AEIP demands EIOPA clarification ahead of next QIS
EUROPE – The European Commission's ability to apply results from the IORP Directive's first impact study to other pension funds has been questioned by the European Association of Paritarian Institutions (AEIP), which said the representative nature of the results was "very limited".
In its position paper on the quantitative impact study (QIS) conducted late last year, the association also called on the European Insurance and Occupational Pensions Authority (EIOPA) to clarify the methodology it would use to compare the results and urged the regulator to detail how it would treat the volume of responses received in December.
The Frankfurt-based authority, which is in charge of collecting the data for the exercise, set the deadline for the consultation process at 17 December 2012.
The consultation on the first QIS aimed to assess the financial impact of different sets of options for the valuation of the holistic balance sheet (HBS) and the calculation of capital requirements.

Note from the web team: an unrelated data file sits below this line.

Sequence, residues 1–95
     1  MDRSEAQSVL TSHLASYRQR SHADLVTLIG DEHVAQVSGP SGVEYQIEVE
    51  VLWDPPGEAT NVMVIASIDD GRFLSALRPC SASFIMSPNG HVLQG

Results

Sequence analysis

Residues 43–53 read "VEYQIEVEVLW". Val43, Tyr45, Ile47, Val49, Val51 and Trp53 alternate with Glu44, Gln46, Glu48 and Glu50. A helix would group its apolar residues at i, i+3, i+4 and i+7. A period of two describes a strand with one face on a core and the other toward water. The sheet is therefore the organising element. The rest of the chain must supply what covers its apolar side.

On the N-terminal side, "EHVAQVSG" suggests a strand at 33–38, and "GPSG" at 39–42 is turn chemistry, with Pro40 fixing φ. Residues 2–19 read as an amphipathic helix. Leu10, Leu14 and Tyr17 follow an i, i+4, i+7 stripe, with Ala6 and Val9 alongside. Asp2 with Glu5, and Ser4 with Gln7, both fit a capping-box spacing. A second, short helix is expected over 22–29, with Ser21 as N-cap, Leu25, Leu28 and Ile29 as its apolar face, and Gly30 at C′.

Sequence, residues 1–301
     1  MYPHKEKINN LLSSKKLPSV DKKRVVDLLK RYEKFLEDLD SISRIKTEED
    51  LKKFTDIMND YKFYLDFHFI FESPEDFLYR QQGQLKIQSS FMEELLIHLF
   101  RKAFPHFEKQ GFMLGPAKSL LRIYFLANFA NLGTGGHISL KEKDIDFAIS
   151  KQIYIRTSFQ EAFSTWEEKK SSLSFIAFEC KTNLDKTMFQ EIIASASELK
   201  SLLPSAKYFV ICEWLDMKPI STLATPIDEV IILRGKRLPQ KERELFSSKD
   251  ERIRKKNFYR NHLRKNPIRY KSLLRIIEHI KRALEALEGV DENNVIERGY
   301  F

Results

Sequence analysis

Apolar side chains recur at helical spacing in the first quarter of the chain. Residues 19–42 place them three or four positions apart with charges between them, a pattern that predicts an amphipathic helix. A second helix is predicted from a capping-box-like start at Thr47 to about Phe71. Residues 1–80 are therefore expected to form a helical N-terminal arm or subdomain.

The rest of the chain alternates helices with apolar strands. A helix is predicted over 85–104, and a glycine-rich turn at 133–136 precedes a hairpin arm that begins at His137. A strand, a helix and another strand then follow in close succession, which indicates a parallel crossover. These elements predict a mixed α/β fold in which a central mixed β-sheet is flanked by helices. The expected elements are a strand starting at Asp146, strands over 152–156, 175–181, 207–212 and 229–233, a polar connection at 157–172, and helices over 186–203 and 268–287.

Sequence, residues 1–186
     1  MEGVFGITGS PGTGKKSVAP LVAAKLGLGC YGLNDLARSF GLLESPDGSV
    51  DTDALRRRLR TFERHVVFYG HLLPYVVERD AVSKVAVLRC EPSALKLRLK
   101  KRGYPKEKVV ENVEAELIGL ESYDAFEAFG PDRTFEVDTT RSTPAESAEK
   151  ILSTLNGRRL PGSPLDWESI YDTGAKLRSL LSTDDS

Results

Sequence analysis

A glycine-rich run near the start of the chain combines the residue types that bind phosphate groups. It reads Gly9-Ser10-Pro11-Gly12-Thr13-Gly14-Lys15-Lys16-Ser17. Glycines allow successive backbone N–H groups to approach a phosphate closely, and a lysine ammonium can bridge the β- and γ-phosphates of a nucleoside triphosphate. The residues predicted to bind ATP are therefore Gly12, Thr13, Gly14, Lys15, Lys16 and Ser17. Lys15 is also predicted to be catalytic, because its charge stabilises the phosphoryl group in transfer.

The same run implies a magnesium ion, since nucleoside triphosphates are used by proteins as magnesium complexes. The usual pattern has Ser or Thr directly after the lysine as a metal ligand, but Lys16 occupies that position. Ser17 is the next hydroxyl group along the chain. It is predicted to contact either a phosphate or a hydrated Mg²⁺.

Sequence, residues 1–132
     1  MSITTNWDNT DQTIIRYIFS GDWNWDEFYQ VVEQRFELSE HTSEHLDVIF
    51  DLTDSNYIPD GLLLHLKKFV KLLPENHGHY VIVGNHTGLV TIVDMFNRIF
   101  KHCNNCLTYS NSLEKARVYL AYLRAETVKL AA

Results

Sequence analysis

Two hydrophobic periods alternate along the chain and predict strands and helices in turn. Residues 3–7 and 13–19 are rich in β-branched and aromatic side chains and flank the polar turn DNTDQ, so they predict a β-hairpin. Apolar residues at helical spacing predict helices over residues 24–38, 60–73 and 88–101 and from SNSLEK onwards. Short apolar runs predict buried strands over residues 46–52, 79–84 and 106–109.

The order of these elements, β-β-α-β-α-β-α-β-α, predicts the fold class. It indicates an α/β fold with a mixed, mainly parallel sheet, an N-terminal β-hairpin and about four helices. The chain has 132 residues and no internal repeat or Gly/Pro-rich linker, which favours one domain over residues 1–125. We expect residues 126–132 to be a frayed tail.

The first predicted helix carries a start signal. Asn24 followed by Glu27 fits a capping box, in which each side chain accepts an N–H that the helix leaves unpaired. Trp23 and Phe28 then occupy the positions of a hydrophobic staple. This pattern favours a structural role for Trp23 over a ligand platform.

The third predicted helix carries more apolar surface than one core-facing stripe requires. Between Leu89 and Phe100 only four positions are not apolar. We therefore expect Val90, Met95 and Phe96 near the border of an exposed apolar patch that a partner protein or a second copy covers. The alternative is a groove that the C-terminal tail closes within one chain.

It also considered the quantification of the security and benefit adjustment mechanisms existing in different EU member states.
According to EIOPA, nine European countries where defined benefit plans are most prevalent volunteered to participate in the study: Belgium, France, Germany, Ireland, the Netherlands, Norway, Portugal, Sweden and the UK.
In its position paper, the AEIP argued that, since only eight countries performed the exercise – and within that "only a few big pensions funds had the resources and knowledge to perform the calculations" – the results were "limited".
Additionally, the association stressed that the model presented in the QIS required each IORP to make "too many" subjective assumptions, even for the calculation of liabilities.
"This might not only pose issues in the comparability of results between pension funds based in the same country, but also at European level," it said.
"Moreover, the value of a particular entry may differ across EU countries according to local social and labour laws.
"As a consequence," it said, "the comparability of the different values is hampered, and the same value might lead to different prudential conclusions."
The AEIP also voiced concerns about the fact that national supervisor authorities were required by EIOPA to project the results collected at national level.
"AEIP questions whether such a process would provide data that [is] actually meaningful for further evaluation on the viability of the HBS tool," it said.